Edward Stevenson Browne

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Edward Stevenson Brown
Born 23 December 1852
Cambridge, Cambridgeshire
Died 16 July 1907 (aged 54)
Montreux, Switzerland
Buried Clarens Cemetery, Montreux
Allegiance  United Kingdom
Service/branch Flag of the British Army.svg British Army
Rank Brigadier-General
Unit 24th Regiment of Foot
South Wales Borderers
Battles/wars Anglo-Zulu War - Battle of Hlobane
Awards Victoria Cross
Order of the Bath

Brigadier General Edward Stevenson Browne, VC, CB (23 December 1852 – 16 July 1907) was a British Army officer, and an English recipient of the Victoria Cross, the highest and most prestigious award for gallantry in the face of the enemy that can be awarded to British and Commonwealth forces.

Early career[edit]

Browne was commissioned a second lieutenant in the 24th Regiment of Foot (later The South Wales Borderers) on 23 September 1871, and promoted to lieutenant on 28 October 1871.[1]

Victoria cross Details[edit]

He was 26 years old, and a lieutenant in the 1st Battalion, 24th Regiment of Foot during the Anglo-Zulu War when the following deed took place on 29 March 1879 at the battle of Hlobane, South Africa for which he was awarded the VC:

For his gallant conduct, on the 29th March, 1879, when the Mounted Infantry were being driven in by the enemy at Inhlobana, in galloping back and twice assisting on his horse (under heavy fire and within a few yards of the enemy) one of the mounted men, who must otherwise have fallen into the enemy's hands.[2]

Later career[edit]

Browne was promoted to captain on 19 May 1880, to major on 2 November 1885, to lieutenant-colonel on 8 April 1893, and to colonel on 8 April 1897.[1] He was in command of the South Wales Borderers Regimental District until 4 March 1900, when he was appointed an Assistant Adjutant General of the North-Eastern District, stationed at York.[3] He went on to be General Officer Commanding North Eastern District (with the temporary rank of brigadier-general) from 4 September 1902,[4] before retiring in November 1903 with the rank of Brigadier-general.[5] He also commanded the West-Yorkshire Volunteer Brigade.[6]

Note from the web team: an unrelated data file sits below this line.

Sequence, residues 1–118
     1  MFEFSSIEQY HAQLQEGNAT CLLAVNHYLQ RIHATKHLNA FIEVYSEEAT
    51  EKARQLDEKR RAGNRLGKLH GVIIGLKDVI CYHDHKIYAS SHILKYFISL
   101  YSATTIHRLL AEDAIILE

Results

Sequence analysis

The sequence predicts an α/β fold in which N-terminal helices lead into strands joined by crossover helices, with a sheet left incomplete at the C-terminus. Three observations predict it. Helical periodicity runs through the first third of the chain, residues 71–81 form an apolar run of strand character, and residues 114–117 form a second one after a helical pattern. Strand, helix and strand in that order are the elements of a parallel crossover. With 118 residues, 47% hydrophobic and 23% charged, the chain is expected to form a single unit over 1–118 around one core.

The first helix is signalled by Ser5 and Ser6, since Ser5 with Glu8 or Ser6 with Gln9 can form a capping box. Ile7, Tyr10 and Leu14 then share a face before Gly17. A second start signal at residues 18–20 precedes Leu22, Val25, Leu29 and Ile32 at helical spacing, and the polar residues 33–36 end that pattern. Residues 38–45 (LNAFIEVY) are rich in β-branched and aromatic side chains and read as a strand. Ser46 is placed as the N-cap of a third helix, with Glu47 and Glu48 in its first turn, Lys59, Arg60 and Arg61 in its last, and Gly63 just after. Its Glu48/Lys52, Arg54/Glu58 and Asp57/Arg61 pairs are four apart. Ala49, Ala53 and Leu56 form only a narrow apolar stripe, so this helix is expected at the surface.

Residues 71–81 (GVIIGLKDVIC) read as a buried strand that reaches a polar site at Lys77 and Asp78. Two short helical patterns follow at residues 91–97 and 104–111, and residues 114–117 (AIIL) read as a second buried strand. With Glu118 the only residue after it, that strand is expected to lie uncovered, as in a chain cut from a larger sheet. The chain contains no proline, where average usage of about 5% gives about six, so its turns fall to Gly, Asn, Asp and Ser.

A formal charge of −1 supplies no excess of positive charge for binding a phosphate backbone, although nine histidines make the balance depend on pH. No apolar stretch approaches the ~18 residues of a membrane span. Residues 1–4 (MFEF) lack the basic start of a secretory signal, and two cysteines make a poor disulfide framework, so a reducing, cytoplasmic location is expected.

The medal[edit]

His Victoria Cross is displayed at the Regimental Museum of The Royal Welsh, Brecon, Powys, Wales.[7]


  1. ^ a b Hart's Army list, 1901
  2. ^ "No. 24734". The London Gazette. 17 June 1879. p. 3966. 
  3. ^ "Naval & Military intelligence". The Times (36070). London. 20 February 1900. p. 9. 
  4. ^ "No. 27474". The London Gazette. 16 September 1902. p. 5964. 
  5. ^ "Army Commands" (PDF). Archived from the original (PDF) on 4 March 2016. Retrieved 1 July 2016. 
  6. ^ "Naval & Military intelligence". The Times (36776). London. 24 May 1902. p. 8. 
  7. ^ "Edward Stevenson Browne". Memorials to valour. Retrieved 29 June 2016. 

Further reading[edit]

Military offices
Preceded by
Reginald Thynne
GOC North Eastern District
Succeeded by
Leslie Rundle